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Medal of Honor veterans speak of service

Veterans discuss war experiences by Melissa Gute | May 15, 2015 at 1:00 a.m.
NWA Democrat-Gazette/DAVID GOTTSCHALK - 5/14/15 - Congressional Medal of Honor recipients U.S. Army veteran Bennie Adkins (left) is greeted by Wal-Mart employee Ana Fletcher Thursday May 14, 2015 at the Wal-Mart Home Office in Bentonville. Six Congressional Medal of Honor recipients participated in a panel discussion and will visit schools in Northwest Arkansas promoting curriculum for the Congressional Medal of Honor Character Development program.

BENTONVILLE -- Touring the country and speaking about his war experience is a type of therapy, Army Specialist Ty Carter said Thursday.

Carter was one of six Congressional Medal of Honor recipients who spoke at a town hall event at the Wal-Mart Home Office on Thursday.


Medal of Honor recipients visiting Northwest Arkansas include:

• Bruce Crandall, Army major, Vietnam, 1965

• Bennie Adkins, Army sergeant first-class, Vietnam, 1966

• Robert M. Patterson, Army specialist, Fourth Class, Vietnam, 1968

• Brian M. Thacker, Army first lieutenant, Vietnam, 1971

• Ty Carter, Army specialist, Afghanistan, 2009

• William D. Swenson, Army captain, Afghanistan, 2009

The year listed is when the event for which they earned the medal took place.

Source: Staff report

Hiring veterans

Wal-Mart launched its Veterans Welcome Home Commitment two years ago on Memorial Day and pledged to hire 100,000 military veterans in five years. It has so far hired 92,000 veterans. Of those, nearly 8,000 have been promoted since being hired.

Source: Staff report

He addressed the issue of mental health and said he disagreed about the description "disorder" being part of the term Post Traumatic Stress Disorder.

Post traumatic stress is an instinctive and reflexive response of the body and mind to recall a traumatic incident in order to avoid repeating it, he said. Most commonly, it happens after a car accident.

"When people tack on the 'disorder,' it's an insult to who we are and how we grow," Carter said, adding post traumatic stress can aggregate other disorders or physical ailments, just as all stress does. "By removing the 'D,' by removing the stigma, we can help individuals seek the help that they need."

Twenty-two veterans and one active duty member die by suicide every day, Carter said.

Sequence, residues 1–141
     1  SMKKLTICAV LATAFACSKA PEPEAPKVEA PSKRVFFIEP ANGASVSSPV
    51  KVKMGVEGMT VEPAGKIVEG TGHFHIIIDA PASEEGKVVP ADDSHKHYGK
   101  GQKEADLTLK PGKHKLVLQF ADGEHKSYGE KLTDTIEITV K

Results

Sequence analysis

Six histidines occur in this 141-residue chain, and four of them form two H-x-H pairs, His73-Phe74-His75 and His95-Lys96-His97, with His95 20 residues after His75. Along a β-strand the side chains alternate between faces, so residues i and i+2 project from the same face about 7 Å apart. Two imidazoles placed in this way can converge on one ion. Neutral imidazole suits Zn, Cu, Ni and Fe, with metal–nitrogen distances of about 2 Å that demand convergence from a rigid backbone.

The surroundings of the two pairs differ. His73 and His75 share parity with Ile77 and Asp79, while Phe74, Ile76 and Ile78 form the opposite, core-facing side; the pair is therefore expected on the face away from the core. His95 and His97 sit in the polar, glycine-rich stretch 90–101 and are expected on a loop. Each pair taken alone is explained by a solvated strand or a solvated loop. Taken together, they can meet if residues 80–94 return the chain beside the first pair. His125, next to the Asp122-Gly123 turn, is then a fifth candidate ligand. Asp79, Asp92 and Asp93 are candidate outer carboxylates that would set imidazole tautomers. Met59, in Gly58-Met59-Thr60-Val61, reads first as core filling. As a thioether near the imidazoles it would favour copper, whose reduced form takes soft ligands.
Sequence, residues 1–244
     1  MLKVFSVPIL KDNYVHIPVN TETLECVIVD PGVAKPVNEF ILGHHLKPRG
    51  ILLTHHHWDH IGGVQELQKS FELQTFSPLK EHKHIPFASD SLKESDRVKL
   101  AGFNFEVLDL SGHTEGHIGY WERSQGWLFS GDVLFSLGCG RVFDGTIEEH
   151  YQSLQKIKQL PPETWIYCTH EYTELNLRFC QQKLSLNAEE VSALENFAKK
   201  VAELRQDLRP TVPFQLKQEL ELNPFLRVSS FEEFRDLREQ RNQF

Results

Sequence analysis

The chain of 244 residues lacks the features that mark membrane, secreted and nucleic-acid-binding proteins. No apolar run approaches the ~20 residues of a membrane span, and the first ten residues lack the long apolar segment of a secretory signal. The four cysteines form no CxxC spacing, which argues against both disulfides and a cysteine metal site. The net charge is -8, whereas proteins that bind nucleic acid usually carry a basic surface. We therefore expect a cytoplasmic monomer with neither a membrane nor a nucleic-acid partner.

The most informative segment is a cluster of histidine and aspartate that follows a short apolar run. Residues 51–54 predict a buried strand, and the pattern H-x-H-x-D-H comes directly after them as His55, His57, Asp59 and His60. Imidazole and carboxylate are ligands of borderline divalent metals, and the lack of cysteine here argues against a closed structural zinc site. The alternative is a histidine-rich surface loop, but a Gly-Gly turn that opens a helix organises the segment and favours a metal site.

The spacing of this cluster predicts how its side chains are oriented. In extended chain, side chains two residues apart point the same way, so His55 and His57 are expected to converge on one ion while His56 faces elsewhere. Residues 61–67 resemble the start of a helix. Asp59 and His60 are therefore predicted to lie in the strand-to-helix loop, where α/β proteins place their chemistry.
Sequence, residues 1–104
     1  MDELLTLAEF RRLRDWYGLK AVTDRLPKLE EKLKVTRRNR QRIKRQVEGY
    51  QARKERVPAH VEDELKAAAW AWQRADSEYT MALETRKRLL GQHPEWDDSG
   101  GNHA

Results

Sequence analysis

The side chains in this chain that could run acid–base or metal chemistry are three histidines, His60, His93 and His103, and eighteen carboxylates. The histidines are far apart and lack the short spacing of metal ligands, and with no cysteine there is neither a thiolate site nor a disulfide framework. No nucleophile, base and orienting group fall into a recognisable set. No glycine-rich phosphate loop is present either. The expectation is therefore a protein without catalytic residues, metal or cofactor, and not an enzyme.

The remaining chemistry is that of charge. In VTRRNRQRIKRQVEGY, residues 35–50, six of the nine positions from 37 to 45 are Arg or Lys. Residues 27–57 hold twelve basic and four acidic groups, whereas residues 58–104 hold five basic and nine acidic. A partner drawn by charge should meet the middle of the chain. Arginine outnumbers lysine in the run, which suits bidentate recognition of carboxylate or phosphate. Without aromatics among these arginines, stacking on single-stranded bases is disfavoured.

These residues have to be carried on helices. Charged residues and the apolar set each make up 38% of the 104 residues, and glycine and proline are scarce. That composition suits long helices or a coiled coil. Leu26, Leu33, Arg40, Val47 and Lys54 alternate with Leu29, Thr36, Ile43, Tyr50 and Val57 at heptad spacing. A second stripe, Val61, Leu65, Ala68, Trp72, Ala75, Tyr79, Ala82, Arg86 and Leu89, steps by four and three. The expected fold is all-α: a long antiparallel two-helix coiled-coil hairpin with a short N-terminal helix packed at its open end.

Mental health improvement is a choice, he said. Those suffering need to make the decision to see counseling, to talk about it.

"By talking about it, you own it," he said.

Carter received the Congressional Medal of Honor in 2013 for work he did while in Nuristan Providence, Afghanistan, on Oct. 3, 2009.

Carter didn't detail the day's events, but his actions are recorded with the Congressional Medal of Honor Society. Carter woke with his fellow soldiers to an attack by 300 enemy fighters. Carter ran twice through more than 100 yards of enemy fire to rescue a critically wounded soldier, then to check on a fallen soldier and recover the squad's radio, which allowed the troops to coordinate their evacuation.

Carter was one of two recipients who served in Afghanistan who was in Bentonville. The other four were Vietnam veterans. There are only 79 living recipients of the military's highest honor.

Wal-Mart brought the Medal of Honor recipients to Northwest Arkansas as part of the Congressional Medal of Honor Character Development Program. The veterans will visit Bentonville and Rogers schools today to talk about character in the context of their military experiences.

Retired Army Sgt. First Class Bennie Adkins said they get to speak to various audiences around the country multiple times a week. He said he's seen young people be receptive to their message that "whatever you would like to be, do it honestly with integrity and be the best that you can be in whatever you want to be."

Adkins earned his medal while in Vietnam in 1966. He rescued fellow troops while wounded when a large Viet Cong force attacked his camp. Then he and a small group fought their way out of the camp and evaded the Viet Cong for two days until they were rescued by helicopter.

The veterans spoke of their service to their fellow service men and women and how they were a family.

"All of us know that you don't go and get the medal. The medal comes to you," said retired Army Maj. Bruce Crandall. "You don't know that anything like that is going to happen that day."

Crandall earned his medal for flying his helicopter into a battle area in Vietnam 22 times under heavy fire to deliver soldiers and ammunition and also to evacuate the wounded. That was on Nov. 14, 1965. He received his medal in 2007.

"I couldn't leave those people on the ground," he said of why he kept returning to the battle zone. "You wouldn't. You would've done exactly what I did."

Crandall said he hopes the students they speak with today leave knowing they can be what they want to be.

"So many of them don't have respect for themselves," he said. "When they look in the mirror in the morning, they should have respect for who they see. If they don't respect themselves, they won't respect others."

Amy Graham, who works in Walmart in Derby, Kan., was in town for meetings and was glad to be able to attend the event. She had the veterans sign her "Medal of Honor" book.

She said she learned about the Medal of Honor 10 to 15 years ago and became fascinated with the military's highest award.

"These gentlemen that are standing here represent not only themselves, but their fellow servicemen that they risked life and limb to save, to protect," she said. "What they've done for the people that they've served with is just phenomenal."

Melissa Gute can be reached at or on Twitter @NWAmelissa.

A Section on 05/15/2015

Print Headline: Talk 'therapeutic,' medal winner says


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